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Typhoid’s relative may be key to curing disease

Typhoid fever infects up to 20 million people annually, killing as many as 161,000, and has many drug-resistant strains. Jeongmin Song, assistant professor of microbiology and immunology in the College of Veterinary Medicine, has discovered a new potential defense against this bacterial disease: one of its closest relatives.

Song studies salmonella Typhi, the bacteria that cause typhoid fever, and how it invades and infects host cells. In a study published May 11 in Cell Host & Microbe, Song and her team discovered that typhoid’s close cousin, salmonella Javiana, invades and infects hosts cells in almost the same way, but with much less harmful results.

Fluorescent images of mouse tissue sections show the salmonella Javiana toxin’s preferential binding to intestinal epithelial cells.

“We found that one of the important differences in deadliness between these two bacteria came down to a handful tiny molecular changes which dictate what host cells they attack,” Song said. This family resemblance, she said, could potentially be leveraged as a potential vaccine against typhoid fever.

In previous studies, Song discovered that salmonella Typhi produces a toxin that is responsible for most of the symptoms of typhoid fever. The toxin does the heavy lifting in the disease process, using specific proteins and a one-two technique when attacking its prey, white blood cells.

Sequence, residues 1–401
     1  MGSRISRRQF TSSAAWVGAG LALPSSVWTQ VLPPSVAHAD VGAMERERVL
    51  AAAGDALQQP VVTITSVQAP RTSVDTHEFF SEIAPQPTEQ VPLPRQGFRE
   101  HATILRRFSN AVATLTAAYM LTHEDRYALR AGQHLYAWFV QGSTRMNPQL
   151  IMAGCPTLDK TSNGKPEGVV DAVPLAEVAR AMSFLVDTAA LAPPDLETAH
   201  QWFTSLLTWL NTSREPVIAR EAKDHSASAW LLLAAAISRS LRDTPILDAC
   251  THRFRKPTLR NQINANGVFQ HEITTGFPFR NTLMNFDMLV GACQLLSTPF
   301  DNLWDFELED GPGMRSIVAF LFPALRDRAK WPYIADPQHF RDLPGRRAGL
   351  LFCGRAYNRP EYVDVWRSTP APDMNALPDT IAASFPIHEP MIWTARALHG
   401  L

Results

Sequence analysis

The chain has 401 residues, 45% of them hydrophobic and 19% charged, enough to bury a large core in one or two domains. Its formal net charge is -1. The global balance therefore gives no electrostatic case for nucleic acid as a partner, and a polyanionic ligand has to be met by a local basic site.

First, toxin protein “B” zeroes in on specific sugars adorning the outer membrane of immune cells, helping the toxin find its victim. Then, two toxin “A” proteins enter the cell and disrupt the white blood cells’ immune response. The bacteria’s special method of binding its toxin to immune cells is the “secret key” behind its deadliness, Song explains.

Song knew that salmonella Javiana had the same type of search-and-destroy proteins in its molecular toolkit, but only causes short-lived food poisoning. “Surprisingly,” she said, “we found that two toxins play different roles despite their high similarity.”

Indeed, Javiana toxins differ from typhoid toxins by only six amino acids. The researchers found that those tiny differences were, in fact, the critical reason why typhoid bacteria can be deadly, while Javiana just cause a sick stomach.

The researchers discovered that both toxins had three binding sites, but the difference in their amino acid makeup enabled typhoid toxins to attack a broader range of cellular targets and induce deadly systemic infections throughout the body, while Javiana could only attach to cells in the intestinal tract.

Song and her team also wondered if the similarity could also be a form of security. “We wondered if exposure to Javiana bacteria or their toxin might provide some protection against typhoid-related illnesses,” she said.

The team exposed mice first to Javiana toxins, then to a lethal dose of typhoid toxins. They found that the Javiana exposure protected the mice from fatal typhoid infection.

“This finding,” Song said, “may be the key to designing improved typhoid fever vaccines and therapeutics.”

Co-lead authors are Sohyoung Lee, research associate in the Song lab, and Yi-An Yang, former postdoctoral researcher in the Song Lab. Other contributors came from CVM and from the Scripps Research Institute of La Jolla, California.

This work was supported by the National Institutes of Health, the Mizutani Foundation for Glycoscience, the National Cancer Institute and the National Institute of General Medical Sciences.

Lauren Cahoon Roberts is assistant director of communications at the College of Veterinary Medicine.

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